Your guide to health and prenatal genetics
Mother hold baby

Assess your personalised prenatal risks, choose screening tests, and find nearby maternity clinics

What is invasive prenatal diagnostic testing?

If biochemical, ultrasound or modern molecular (NIPT) screening tests show that you have a higher risk of having a baby with particular chromosomal abnormalities (such as trisomic Down, Edwards or Patau syndromes) or particular hereditary conditions, usually you will be offered an invasive diagnostic test to find out with certainty if your baby has the condition. Some women over 35 years also decide to progress directly to invasive prenatal testing. Appropriate genetic counselling is important in all cases.

During invasive prenatal procedures, a fetal material is sampled directly from a womb of the mother and prepared chromosomes or DNA of the fetus is then directly analysed using sophisticated molecular techniques, such as FISH, DNA aneuploidy or chromosomal microarrays analysis (CMA).

There are two main invasive prenatal diagnostic techniques – chorionic villus sampling (CVS) and amniocentesis, which mostly differ in timing and risk to the fetus.





Small pieces of fetal villi (from placenta) are removed by inserting needle through maternal abdomen (transabdominal) or vagina (transcervical) into uterus, guided by ultrasound

Sample (~20 ml) of amniotic fluid is removed by insertion of needle through maternal adbomen into uterus, guided by ultrasound


Placental villi

Amniotic fluid


11-13 weeks

15-20 weeks

Miscarriage risk

0.5-1% or lower* (transabdominal), depends on provider experience; 1-2% (transcervical)

0.5-1% or lower**, decreases with provider experience 

Biochemical AFP testing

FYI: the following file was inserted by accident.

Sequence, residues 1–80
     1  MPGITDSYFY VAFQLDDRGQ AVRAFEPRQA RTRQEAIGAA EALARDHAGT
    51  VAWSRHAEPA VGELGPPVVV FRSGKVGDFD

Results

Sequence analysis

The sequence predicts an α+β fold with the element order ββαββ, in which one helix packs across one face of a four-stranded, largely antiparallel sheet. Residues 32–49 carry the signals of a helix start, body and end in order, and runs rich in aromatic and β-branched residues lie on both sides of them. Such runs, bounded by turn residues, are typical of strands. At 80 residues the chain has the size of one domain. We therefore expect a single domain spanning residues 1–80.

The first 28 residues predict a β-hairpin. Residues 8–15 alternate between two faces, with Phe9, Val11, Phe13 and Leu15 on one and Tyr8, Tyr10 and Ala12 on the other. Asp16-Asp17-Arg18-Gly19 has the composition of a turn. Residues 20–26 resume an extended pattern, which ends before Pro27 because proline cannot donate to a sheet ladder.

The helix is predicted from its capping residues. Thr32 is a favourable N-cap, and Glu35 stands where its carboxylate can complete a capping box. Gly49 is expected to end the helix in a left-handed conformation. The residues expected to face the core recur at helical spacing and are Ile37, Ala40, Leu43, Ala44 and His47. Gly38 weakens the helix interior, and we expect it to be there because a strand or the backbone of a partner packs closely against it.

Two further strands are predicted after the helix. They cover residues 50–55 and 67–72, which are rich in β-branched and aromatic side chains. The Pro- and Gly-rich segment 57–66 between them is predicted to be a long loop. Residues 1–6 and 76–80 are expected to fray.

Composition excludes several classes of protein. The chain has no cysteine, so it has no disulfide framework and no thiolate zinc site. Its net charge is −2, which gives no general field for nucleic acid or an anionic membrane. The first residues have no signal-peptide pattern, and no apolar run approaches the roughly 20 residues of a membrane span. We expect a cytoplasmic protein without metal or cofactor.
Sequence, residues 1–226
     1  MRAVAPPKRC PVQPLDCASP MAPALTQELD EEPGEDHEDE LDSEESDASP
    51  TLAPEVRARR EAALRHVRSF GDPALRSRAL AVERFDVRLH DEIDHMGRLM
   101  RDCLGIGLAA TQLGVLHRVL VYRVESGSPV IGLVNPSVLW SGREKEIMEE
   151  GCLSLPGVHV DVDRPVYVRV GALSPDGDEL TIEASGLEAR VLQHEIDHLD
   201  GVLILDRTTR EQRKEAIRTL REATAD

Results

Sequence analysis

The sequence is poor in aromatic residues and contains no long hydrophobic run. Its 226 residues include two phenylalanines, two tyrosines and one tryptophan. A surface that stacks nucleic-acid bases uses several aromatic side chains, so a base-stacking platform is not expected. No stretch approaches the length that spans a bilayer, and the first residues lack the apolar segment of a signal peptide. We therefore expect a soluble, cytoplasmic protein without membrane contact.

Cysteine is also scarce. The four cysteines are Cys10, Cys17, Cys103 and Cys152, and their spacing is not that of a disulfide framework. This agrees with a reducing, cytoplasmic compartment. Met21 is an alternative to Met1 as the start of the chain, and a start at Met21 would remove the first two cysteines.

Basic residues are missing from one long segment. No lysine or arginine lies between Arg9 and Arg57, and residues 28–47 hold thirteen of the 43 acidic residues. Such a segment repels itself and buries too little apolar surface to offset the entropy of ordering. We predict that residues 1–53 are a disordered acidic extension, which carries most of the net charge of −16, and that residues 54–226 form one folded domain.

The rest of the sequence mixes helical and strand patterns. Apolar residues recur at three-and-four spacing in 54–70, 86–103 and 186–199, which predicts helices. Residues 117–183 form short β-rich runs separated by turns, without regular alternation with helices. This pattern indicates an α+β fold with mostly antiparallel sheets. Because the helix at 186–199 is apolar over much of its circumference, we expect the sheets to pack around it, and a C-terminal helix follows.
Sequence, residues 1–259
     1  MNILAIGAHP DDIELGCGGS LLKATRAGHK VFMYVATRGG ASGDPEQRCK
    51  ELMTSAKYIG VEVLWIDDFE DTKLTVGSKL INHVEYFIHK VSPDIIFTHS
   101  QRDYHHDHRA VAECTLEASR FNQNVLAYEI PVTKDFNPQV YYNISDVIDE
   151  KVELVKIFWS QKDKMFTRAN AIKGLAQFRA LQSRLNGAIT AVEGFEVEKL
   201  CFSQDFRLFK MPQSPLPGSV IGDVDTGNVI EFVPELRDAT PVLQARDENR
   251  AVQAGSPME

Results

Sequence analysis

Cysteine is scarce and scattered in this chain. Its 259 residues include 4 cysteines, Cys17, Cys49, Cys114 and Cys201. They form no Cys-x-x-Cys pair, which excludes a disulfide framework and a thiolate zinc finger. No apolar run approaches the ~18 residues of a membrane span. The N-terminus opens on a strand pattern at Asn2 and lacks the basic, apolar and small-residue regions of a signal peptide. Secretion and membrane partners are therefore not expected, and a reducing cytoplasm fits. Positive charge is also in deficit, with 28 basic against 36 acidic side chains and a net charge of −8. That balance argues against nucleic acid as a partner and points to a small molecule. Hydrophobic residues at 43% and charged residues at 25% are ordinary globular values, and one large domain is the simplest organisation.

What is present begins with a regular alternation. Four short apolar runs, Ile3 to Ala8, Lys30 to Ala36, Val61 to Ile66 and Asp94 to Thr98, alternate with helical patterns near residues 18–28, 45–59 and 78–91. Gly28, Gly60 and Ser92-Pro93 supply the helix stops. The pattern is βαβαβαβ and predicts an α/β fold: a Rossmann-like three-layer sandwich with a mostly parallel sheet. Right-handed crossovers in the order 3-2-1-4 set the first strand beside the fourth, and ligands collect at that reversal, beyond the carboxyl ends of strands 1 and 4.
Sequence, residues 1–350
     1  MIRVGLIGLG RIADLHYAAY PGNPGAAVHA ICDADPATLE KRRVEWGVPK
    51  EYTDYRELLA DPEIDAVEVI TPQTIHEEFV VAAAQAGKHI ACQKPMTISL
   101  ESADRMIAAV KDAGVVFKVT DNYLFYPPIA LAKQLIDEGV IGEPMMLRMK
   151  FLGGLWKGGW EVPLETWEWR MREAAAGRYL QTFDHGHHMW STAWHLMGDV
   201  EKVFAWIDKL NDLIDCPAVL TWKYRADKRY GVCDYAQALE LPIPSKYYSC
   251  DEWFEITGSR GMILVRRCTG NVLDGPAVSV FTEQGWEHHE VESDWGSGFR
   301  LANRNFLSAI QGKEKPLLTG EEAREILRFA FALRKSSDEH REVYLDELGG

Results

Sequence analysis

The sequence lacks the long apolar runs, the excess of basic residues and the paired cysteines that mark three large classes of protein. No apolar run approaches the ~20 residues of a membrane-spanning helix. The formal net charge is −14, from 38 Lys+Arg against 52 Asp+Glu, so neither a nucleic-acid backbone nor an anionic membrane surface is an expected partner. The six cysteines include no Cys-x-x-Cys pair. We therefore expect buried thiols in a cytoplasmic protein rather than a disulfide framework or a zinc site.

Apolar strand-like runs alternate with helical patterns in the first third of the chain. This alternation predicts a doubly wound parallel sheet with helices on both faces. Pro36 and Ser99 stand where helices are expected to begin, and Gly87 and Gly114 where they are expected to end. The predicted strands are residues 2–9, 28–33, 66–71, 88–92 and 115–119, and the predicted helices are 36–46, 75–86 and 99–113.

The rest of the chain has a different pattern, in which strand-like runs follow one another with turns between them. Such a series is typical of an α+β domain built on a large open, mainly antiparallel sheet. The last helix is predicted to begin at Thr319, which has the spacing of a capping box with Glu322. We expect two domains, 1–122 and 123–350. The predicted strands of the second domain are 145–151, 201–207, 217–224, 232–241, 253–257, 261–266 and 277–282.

Specialist centres

Most obstetric units


  •  Accurate
  •  1st trimester test – earlier results
  •  Accurate
  •  Widely available
  •  Tests for neural tube defects


  •  Availability varies
  •  Does not test for neural tube defects
  •  Increased rate of repeat procedures due to inconclusive results
  •  2nd trimester test
  •  later results

Schematic representation

* - recent data indicates similar risk to amniocentesis in experienced hands

** - recent studies suggest that miscarriage risk maybe lower than 1 in 200 (0.5%) or 1 in 300-400.

Formal indications suggesting prenatal diagnostic testing:

1. Increased risk of aneuploidy:

  • Increased maternal age
  • Abnormal maternal screening (MSS)
  • Abnormal cell free DNA screening
  • Detected fetal ultrasound abnormalities
  • Chromosomal translocation in parents

2. Increased neural tube and ventral wall defects

  • elevated AFP in maternal serum

3. Increased risk of genetic disease (family history or carrier of pathogenic mutation)

4. Maternal request

Current ACOG guidelines recommends invasive prenatal testing for all pregnant women, regardless of age, to obtain a definitive diagnosis of certain birth defects. Therefore, most physicians offer diagnostic testing to all their patients, with or without prior screening and allow a patient decide.